Sister of Missing Zion Hiker Says Her Survival Without Food and Water Was ‘a Miracle'

Holly Courtier's sister said "there is no reason she should be alive" after Courtier survived 12 days without food and water in Utah's Zion National Park

National Park Service/Getty Images

The sister of the missing hiker who survived 12 days in Utah's Zion National Park without any food or water said her survival is nothing short of "a miracle."

Holly Suzanne Courtier, 38, was found by a visitor who alerted park officials on Sunday after the Los Angeles woman had been reported missing since Oct. 8 inside the 229-square-mile park.

Jaime Strong, 41, spoke to TODAY about what Courtier endured, her current physical and mental state, and the joy and concern she felt when she first saw her sister.

"I think God got her through this," Strong said. "I think it's a miracle. I truly believe there is no reason she should be alive. It doesn't make sense. She didn't have the proper gear, and she didn't have food or water."

Strong said her sister lost between 15 and 18 pounds after not eating or drinking for at least 12 days. In addition, Courtier had not eaten for a few days prior to going to Zion National Park on Oct. 6 because she had gone on a planned fast.

"When I walked in the room and saw how emaciated she was, I lost it," Strong said. "It was like seeing someone who had aged 30 years in 12 days. It was horrific, but at that point I was so happy to see her it didn't matter."

Courtier's daughter, Kailey Chambers, said in a statement to NBC News on Tuesday that her mother stayed near a river bed, but Strong clarified that Courtier didn't actually drink any water from the river other than wetting her lips and spitting it back out.

"She said she didn't have anything to drink at all," Strong said. "She was very well aware of the toxins in the river. There was a statement made that she said she set up camp because she wanted to stay close to the river, but we were never implying that she drank the water."

Courtier has checked herself into a mental wellness center since being rescued, according to her sister. She had planned to be in the park for only a day or two for "a journey of fasting" and to disconnect from technology without a cell phone while reading her Bible.

"I don't think that her mental state was good when she went into the park," Strong said. "I really think she had a mental breakdown and was not in the right state of mind when she decided to take this journey and not tell people where she was going."

Courtier kept track of the days by marking them with a Sharpie on a tree branch.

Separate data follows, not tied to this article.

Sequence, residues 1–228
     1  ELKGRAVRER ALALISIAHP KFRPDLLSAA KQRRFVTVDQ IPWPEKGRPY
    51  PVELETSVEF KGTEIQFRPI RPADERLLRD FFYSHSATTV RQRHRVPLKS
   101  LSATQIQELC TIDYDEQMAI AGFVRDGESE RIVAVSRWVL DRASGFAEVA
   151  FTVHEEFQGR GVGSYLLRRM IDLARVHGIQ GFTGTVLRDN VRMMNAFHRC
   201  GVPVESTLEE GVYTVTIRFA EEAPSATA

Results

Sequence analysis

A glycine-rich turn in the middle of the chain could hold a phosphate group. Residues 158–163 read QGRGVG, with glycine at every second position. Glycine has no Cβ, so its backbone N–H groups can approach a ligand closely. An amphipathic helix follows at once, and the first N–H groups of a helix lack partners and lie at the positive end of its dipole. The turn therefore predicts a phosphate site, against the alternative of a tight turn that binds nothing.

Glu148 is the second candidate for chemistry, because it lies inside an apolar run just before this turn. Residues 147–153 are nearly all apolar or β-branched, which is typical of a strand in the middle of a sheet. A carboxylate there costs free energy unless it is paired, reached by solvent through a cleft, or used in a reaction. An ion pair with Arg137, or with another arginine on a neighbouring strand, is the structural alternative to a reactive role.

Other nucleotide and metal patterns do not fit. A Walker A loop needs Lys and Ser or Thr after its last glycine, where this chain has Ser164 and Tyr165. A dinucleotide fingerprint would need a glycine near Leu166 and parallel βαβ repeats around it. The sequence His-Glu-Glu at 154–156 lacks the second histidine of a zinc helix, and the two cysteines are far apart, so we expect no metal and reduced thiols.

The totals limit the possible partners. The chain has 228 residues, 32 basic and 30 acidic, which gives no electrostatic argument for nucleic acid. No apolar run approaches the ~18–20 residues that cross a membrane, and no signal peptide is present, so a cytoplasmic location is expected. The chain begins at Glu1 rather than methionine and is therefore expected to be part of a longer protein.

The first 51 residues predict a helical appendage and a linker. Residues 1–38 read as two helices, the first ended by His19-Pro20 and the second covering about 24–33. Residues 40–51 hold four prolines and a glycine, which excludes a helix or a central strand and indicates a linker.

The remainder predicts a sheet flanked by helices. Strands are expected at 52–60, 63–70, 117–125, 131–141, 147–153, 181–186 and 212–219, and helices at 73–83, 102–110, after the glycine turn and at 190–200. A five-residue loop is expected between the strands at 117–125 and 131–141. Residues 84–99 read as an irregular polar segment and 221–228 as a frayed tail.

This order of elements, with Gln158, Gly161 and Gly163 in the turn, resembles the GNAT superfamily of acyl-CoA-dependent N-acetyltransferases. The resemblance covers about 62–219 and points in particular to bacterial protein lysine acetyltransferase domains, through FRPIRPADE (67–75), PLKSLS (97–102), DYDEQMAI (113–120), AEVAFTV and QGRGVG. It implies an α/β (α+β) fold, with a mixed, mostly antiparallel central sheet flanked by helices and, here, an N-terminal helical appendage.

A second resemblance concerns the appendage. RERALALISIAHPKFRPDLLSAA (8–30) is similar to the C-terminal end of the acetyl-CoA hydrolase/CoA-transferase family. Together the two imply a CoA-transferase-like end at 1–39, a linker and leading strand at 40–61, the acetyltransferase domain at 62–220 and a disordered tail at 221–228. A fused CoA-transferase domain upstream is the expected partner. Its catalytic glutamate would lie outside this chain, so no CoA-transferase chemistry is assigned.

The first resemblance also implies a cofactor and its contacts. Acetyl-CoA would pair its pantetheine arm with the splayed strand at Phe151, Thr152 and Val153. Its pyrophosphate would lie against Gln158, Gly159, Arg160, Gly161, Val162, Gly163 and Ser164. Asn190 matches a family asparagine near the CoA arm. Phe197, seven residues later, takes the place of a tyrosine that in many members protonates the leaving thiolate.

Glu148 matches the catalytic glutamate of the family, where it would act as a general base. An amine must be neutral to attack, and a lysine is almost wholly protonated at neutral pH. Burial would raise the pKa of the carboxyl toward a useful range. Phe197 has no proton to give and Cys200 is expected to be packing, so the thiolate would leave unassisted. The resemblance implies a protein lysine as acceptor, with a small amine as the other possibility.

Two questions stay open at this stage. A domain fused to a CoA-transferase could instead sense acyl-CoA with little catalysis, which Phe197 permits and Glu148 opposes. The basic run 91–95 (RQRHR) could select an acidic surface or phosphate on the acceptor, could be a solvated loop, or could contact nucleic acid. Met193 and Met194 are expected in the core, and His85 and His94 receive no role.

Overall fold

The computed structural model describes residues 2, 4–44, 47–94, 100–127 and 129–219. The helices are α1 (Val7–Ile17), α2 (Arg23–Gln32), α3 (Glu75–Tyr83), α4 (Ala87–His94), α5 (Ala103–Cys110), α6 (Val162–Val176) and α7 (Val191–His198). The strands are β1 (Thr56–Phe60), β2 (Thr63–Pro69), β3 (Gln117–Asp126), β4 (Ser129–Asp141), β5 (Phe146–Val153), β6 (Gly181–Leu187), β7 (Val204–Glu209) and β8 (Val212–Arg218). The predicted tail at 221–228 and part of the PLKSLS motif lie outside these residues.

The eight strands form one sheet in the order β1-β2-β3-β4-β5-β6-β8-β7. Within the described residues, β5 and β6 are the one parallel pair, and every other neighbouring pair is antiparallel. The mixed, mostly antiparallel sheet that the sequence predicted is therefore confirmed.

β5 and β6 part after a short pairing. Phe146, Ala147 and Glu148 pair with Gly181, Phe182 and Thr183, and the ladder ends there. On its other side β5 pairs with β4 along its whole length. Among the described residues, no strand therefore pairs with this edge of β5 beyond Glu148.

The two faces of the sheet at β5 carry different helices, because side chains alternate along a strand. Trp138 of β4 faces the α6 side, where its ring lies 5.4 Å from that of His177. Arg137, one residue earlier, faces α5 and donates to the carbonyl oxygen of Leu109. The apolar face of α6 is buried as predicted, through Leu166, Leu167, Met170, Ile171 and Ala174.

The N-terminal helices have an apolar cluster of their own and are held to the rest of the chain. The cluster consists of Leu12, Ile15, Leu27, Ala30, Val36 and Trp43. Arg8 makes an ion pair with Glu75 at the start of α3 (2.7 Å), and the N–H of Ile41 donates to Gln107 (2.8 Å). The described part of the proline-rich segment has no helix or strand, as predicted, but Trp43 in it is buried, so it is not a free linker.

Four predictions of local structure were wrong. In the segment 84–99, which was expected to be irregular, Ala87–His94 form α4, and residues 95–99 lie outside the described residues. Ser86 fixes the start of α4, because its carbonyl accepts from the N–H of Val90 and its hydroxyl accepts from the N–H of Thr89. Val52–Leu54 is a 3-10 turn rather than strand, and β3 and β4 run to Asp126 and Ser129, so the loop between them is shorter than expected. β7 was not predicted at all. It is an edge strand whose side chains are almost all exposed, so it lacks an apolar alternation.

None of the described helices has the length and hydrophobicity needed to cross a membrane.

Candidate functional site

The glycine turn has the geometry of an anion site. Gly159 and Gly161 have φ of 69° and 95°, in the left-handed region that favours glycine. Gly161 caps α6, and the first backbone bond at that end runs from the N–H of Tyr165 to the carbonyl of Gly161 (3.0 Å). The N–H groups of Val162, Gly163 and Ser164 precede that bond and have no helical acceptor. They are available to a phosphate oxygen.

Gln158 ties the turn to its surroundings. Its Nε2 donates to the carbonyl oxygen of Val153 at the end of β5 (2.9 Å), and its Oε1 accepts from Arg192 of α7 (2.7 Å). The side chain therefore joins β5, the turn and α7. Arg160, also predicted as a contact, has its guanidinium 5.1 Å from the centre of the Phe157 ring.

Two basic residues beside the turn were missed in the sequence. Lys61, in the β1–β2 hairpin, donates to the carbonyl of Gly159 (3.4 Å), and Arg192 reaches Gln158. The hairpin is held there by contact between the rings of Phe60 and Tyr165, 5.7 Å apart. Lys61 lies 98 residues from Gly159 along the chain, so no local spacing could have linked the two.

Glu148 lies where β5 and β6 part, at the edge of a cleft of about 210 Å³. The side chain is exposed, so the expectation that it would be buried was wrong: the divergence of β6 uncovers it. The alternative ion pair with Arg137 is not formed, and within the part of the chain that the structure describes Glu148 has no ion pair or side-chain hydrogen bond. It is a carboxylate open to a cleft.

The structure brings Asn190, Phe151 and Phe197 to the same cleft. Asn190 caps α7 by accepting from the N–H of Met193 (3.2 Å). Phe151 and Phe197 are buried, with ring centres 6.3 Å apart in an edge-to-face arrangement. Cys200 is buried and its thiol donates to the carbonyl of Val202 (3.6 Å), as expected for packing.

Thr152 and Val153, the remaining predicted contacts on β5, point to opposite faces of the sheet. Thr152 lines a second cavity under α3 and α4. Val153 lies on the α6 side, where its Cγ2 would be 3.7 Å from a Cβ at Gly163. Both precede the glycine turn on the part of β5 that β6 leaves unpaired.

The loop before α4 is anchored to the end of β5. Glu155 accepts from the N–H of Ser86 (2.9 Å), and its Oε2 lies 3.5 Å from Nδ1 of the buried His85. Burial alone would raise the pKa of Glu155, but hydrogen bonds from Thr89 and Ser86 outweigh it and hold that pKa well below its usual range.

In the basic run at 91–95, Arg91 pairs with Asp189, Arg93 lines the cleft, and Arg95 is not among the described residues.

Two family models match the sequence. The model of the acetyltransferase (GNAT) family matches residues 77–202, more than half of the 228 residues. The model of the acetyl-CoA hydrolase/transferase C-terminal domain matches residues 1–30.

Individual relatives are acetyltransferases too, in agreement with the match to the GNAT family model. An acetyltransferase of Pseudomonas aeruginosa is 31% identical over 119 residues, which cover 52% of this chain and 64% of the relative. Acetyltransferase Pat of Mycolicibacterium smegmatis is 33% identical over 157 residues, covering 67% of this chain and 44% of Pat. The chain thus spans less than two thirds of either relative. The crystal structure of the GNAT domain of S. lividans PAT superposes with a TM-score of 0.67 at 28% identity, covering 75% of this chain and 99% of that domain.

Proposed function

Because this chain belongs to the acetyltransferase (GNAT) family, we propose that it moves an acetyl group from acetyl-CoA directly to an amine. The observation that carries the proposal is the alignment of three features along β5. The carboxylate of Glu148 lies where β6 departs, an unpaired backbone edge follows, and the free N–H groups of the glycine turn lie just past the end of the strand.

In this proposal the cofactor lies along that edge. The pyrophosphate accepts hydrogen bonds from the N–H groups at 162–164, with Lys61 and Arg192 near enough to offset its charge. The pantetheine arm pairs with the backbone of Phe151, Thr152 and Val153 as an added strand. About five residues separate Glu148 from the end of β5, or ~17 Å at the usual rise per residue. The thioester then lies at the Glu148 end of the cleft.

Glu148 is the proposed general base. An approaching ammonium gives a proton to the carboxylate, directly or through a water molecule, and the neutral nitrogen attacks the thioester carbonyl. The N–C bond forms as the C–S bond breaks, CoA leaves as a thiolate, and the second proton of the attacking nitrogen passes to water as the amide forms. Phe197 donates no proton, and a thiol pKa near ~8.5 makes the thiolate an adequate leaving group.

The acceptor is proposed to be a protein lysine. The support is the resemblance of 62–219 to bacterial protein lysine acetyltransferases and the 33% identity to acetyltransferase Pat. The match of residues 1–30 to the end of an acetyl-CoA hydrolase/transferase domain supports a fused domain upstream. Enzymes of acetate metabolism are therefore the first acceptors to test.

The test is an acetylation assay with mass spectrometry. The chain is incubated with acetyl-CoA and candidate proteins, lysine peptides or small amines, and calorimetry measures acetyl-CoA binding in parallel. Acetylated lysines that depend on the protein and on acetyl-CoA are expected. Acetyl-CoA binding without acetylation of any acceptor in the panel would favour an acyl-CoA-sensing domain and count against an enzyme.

Courtier had lost her job as a nanny before the pandemic in addition to other factors that may have contributed to her mental health issues, Strong said.

"She has definitely been through some trauma over the past several years," Strong said. "I don't think she's properly dealt with it and gotten the proper help for it, and now is the time."

Courtier, who is a seasoned hiker, experienced severe dehydration and suffered a concussion that caused her to be disoriented, Strong said.

She was only wearing leggings and a T-shirt and had a thin blanket and sweater with her as she endured nighttime temperatures in the 40s.

At one point, Courtier saw another person but was so dehydrated that she couldn't open her mouth to yell for help, her sister said.

She was found on the day park rangers told her family they were winding down the active search and the chances of finding her alive were slim. Strong's husband saw rangers taking down missing signs for Courtier and angrily asked them why, only to find out it was because she had been rescued.

Strong also addressed a statement by the National Park Service saying Courtier was able to "leave of her own capability with minimal assistance" after being found.

"It's just so blown blown out of proportion," Strong said. "When you think you're going to die and you see a ranger, she said she literally got like giddy inside because she knew she was going to see her daughter and her family, so you definitely have some adrenaline working for you at that point."

She said Courtier had a ranger standing behind her in case she fell from weakness and had to stop every 5 feet to sit down and rest. Courtier was taken to the hospital by her family, not an ambulance.

"She was very scared and traumatized, and she wanted to leave the park in my car with me and my husband and her daughter, and we drove her straight to the emergency room, so things have just been twisted," Strong said.

Strong and her family are just grateful to the park rangers, authorities and volunteers from the community of Springdale for helping Courtier return to them.

"I think that's what carried her through was people praying for her," Strong said. "I've never seen so many kind people."

This story first appeared on TODAY.com. More from TODAY:

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